Another Aussie Theologian
Shane Clifton, a theologian teaching in Southern Cross College in Australia, recently sent me a friendly e-mail about my inerrancy series, (and included a great article relating to my forthcoming series on evolution and intelligent design, but I’ll leave that for another time).
At the end of the mail, he copied in a text he wrote and with which he has finished his classes with – words that I really liked. He has given me permission to post it here.
‘Gordon Fee argues that, while the “interaction of the eternal word with historical particularly leaves far more ambiguities than some feel comfortable with, God himself, by the very way he gave us this word, locked in the ambiguity.” In other words, the Bible that God gave us comprises 66 books of historically particular circumstances, in every kind of literary genre and in every kind of frame of mind including anger, doubt, faith, love, hatred etc. This is ultimately the Bible’s beauty - the experience and revelation of God cannot be contained within the box of one person, one culture, or one point of history. It is in the very ambiguity and diversity of Scripture that God is revealed to us.I liked that. In our correspondence, he also mentioned that he plans to start his own blog in the next month or so, ‘engaging in issues confronting Pentecostals’, so I’ll be sure to let people know when he sets it up. Having been personally and closely associated with Pentecostals for many years now, I look forward to this blog.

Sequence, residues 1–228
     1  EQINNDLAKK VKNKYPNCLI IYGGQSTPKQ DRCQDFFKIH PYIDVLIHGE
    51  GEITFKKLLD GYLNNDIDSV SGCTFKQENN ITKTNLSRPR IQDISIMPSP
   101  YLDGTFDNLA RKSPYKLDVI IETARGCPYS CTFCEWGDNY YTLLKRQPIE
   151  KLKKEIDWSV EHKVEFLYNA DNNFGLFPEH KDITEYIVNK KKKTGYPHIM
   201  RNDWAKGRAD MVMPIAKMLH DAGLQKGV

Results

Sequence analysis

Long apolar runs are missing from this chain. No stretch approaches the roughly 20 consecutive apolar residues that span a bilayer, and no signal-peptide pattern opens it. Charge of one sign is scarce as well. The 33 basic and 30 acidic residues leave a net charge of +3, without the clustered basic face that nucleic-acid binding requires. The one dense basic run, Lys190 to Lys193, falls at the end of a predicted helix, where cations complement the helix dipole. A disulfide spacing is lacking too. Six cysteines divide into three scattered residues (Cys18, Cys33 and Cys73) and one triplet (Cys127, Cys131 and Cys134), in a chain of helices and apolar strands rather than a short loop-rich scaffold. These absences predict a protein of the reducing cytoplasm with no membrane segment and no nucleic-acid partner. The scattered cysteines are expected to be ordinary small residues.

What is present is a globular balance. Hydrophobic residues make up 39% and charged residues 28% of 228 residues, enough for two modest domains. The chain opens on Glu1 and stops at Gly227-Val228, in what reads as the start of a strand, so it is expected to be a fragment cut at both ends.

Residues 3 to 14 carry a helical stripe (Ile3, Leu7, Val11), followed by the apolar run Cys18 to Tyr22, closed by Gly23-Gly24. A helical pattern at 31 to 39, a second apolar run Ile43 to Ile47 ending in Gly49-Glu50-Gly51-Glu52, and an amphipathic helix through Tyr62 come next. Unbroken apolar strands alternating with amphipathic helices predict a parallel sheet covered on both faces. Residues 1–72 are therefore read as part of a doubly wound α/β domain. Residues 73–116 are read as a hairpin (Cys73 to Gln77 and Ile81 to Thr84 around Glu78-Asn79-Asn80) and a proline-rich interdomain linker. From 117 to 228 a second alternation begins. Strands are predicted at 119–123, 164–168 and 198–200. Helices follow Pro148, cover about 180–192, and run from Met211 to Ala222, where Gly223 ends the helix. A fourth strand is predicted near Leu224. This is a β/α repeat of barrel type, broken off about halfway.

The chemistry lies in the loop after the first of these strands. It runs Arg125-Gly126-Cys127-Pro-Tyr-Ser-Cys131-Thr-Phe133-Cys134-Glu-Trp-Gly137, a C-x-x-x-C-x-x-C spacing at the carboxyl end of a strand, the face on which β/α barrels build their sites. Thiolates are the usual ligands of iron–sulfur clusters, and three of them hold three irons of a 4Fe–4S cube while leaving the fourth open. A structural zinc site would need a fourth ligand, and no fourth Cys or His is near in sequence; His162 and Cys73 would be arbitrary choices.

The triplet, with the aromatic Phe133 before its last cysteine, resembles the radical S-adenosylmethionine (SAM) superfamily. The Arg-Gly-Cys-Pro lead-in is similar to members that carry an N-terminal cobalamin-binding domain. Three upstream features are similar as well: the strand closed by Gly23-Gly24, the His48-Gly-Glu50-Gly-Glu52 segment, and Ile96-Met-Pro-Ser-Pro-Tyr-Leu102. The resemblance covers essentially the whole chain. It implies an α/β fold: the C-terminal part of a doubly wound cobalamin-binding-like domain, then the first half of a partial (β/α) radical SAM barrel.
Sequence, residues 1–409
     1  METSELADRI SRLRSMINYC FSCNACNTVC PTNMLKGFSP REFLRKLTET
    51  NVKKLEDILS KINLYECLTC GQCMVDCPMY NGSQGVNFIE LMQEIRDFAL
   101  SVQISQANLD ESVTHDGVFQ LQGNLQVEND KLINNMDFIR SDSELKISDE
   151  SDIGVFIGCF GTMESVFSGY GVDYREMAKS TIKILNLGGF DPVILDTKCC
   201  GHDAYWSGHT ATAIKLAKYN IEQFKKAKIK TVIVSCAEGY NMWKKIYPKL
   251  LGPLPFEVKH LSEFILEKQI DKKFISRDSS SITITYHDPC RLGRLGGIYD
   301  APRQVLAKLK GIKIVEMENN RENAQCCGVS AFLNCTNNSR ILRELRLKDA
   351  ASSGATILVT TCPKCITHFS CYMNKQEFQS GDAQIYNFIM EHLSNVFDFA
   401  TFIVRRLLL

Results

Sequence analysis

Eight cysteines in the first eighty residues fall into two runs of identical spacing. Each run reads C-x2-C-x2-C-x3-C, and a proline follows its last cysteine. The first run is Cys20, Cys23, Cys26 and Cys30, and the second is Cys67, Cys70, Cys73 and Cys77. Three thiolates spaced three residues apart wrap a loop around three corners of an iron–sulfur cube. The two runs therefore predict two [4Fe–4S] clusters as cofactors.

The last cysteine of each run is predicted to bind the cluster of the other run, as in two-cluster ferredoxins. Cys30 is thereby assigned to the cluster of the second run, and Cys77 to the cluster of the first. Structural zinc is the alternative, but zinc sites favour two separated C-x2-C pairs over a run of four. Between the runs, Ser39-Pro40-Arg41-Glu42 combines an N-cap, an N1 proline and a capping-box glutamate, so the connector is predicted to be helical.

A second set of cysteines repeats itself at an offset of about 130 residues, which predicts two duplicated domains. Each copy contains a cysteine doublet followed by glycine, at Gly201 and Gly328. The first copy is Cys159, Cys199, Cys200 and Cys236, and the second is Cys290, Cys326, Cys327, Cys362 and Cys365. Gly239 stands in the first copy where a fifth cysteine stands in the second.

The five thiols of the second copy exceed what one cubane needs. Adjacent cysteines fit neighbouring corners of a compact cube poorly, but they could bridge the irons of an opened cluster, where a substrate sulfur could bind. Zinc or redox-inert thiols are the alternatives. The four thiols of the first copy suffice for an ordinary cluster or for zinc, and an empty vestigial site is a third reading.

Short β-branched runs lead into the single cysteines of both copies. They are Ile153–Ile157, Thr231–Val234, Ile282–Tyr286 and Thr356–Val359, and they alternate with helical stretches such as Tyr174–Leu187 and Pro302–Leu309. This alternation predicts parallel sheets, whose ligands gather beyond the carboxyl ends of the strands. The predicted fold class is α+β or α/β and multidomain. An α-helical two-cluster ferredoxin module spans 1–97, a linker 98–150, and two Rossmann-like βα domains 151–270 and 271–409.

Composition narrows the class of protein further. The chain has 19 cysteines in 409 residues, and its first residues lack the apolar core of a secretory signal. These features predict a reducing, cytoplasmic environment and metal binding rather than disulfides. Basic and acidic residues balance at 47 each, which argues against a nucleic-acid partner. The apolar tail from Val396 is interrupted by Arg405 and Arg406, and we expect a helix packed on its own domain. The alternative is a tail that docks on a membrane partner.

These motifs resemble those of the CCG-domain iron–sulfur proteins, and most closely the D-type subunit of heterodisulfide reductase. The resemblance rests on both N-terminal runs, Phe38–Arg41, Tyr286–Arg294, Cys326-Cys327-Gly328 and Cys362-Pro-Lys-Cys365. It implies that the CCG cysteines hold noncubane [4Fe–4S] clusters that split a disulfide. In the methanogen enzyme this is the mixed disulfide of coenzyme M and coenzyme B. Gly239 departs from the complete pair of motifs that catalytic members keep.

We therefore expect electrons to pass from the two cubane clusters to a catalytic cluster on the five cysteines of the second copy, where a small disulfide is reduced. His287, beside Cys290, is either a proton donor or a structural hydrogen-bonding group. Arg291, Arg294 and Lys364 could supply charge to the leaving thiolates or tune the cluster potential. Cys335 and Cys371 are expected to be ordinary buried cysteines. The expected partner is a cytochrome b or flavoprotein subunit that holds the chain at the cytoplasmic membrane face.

Inspiration is a paradox - the divine and the human intermingled. Fundamentalism deals with this paradox by effectively ignoring the human element of Scripture, the consequence of which is a magic Bible. Ultimately such understanding detracts from the authority of Scripture, and results in poor exegesis and application. On the other hand, to see Scripture as being solely a human book is to deny its authority. The Bible should, instead, be understood as both a human and divine book. Grasping it’s humanity enables us to understand it’s rhetoric - recognizing by faith it’s divine inspiration maintains it’s authority and enables us to experience God - breathing on the Scripture today so that we can ‘know God’ (as opposed to knowing about him), and be changed in consequence.’
Whenever I hear the name ‘Shane’, I experience flash-backs to those various Australian Soaps.
Switzerland brought us Karl Barth, Küng etc.
England T F Torrance, Bauckham etc.
Germany delivered Bultmann, Moltmann, the Pope! etc. etc. etc.
USA brings us Sanders, Borg, Witherington, etc. etc.
And Australia brings us Kylie Minogue. Well, if I was forced to choose, I know which one I’d rather kiss (and, no, it isn’t Barth, before someone’s wit gets the better of them)